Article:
But, let me add that the assertion financial capital and upper management exploit labor and physical capital may be unfair.  The necessary counter claim would be that the benefits to labor and physical capital of the activities of management and financial capital outweigh the costs to labor and physical capital of those activities.  This claim may, in fact, be true.  The claim would seem, however, to be contradicted by the evidence of the combination of increasing inequality, and the decline in the investment in and even maintenance of, society’s real capital. These processes do suggest that ‘exploit’ is indeed the proper word.

In item number three, I believe Prof Stiglitz implies that current normative theories of equity are basically correct, but “further” theories need to be developed, and presumably developed from those basically ‘correct’ theories. 

One of the fundamental and essential assumptions underlying current theories of equity, however, is the standard, textbook definition of money. If this definition of money is in error, then so is our understanding of equity.  So is our understanding of asset. So is our understanding of the nature of investment.  And so would our understanding of the flows and distributions of assets and their distributions. We could not claim to understand either the state of an economy, nor its dynamics.  In all these things we would be no more than part right, and certainly also quite mistaken. So.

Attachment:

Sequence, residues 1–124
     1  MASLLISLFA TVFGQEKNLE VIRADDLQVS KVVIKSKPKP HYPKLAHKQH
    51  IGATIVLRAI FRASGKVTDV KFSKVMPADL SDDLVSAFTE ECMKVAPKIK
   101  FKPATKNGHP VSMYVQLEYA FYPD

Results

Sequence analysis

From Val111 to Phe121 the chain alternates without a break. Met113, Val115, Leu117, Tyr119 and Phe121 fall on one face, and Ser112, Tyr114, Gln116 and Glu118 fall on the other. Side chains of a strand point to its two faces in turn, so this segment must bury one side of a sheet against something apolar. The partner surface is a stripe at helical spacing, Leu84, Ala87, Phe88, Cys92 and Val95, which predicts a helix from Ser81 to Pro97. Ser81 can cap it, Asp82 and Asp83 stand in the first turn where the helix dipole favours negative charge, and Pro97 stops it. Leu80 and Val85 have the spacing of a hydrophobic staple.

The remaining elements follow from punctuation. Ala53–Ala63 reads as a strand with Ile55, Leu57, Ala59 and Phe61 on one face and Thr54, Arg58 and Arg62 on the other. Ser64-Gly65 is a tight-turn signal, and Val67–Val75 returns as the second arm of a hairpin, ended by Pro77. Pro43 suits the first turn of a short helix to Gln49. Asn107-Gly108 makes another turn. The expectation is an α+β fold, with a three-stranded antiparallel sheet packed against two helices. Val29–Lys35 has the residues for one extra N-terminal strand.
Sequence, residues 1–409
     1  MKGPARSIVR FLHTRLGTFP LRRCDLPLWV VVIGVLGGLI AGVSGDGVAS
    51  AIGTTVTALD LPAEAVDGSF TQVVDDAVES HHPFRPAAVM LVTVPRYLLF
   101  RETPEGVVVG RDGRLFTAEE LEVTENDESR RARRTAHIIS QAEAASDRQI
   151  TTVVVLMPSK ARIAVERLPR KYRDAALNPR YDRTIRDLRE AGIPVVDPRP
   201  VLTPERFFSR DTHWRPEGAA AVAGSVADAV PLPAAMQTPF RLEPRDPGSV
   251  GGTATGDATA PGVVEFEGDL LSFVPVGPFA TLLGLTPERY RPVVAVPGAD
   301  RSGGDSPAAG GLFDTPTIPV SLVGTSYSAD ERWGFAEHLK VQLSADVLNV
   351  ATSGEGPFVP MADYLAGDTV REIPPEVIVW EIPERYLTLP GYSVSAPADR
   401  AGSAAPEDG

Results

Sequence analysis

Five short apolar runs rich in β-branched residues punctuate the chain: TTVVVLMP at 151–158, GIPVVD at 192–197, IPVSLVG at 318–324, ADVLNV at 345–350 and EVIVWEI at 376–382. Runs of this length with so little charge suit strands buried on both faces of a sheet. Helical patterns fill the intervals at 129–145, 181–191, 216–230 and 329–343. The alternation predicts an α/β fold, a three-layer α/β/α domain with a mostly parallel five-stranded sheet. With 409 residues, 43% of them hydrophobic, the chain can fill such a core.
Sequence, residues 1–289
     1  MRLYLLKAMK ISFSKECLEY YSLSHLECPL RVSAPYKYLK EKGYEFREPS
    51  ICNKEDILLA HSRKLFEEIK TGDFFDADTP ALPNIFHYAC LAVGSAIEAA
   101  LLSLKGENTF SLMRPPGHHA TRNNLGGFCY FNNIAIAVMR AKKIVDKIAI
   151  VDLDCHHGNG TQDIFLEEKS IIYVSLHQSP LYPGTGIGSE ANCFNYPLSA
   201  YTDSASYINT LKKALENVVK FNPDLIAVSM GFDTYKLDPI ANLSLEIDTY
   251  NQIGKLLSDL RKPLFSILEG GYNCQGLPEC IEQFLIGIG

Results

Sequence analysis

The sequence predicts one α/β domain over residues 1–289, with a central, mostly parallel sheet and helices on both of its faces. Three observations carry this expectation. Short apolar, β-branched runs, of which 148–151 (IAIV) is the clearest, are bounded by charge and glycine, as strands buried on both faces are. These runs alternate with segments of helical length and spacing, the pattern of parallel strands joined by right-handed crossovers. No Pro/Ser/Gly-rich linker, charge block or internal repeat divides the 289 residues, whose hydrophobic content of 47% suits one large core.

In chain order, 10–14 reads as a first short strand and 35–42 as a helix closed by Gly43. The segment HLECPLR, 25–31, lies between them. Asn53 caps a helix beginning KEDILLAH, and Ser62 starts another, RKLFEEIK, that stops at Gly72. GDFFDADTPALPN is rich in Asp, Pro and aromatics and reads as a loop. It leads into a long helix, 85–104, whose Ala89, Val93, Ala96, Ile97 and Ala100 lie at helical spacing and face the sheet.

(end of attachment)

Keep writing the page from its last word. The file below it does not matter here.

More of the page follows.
Conventional economics must examine some of its fundamental assumptions.  Here are three corrected assumptions for economists to look at. They need not agree with my assumptions.  But, as Yves said to my earlier post, they need at least to refute them.   As a fourth item, I also bring to attention statistical mechanics.  This is a field whose potential contributions I believe economists fail to appreciate.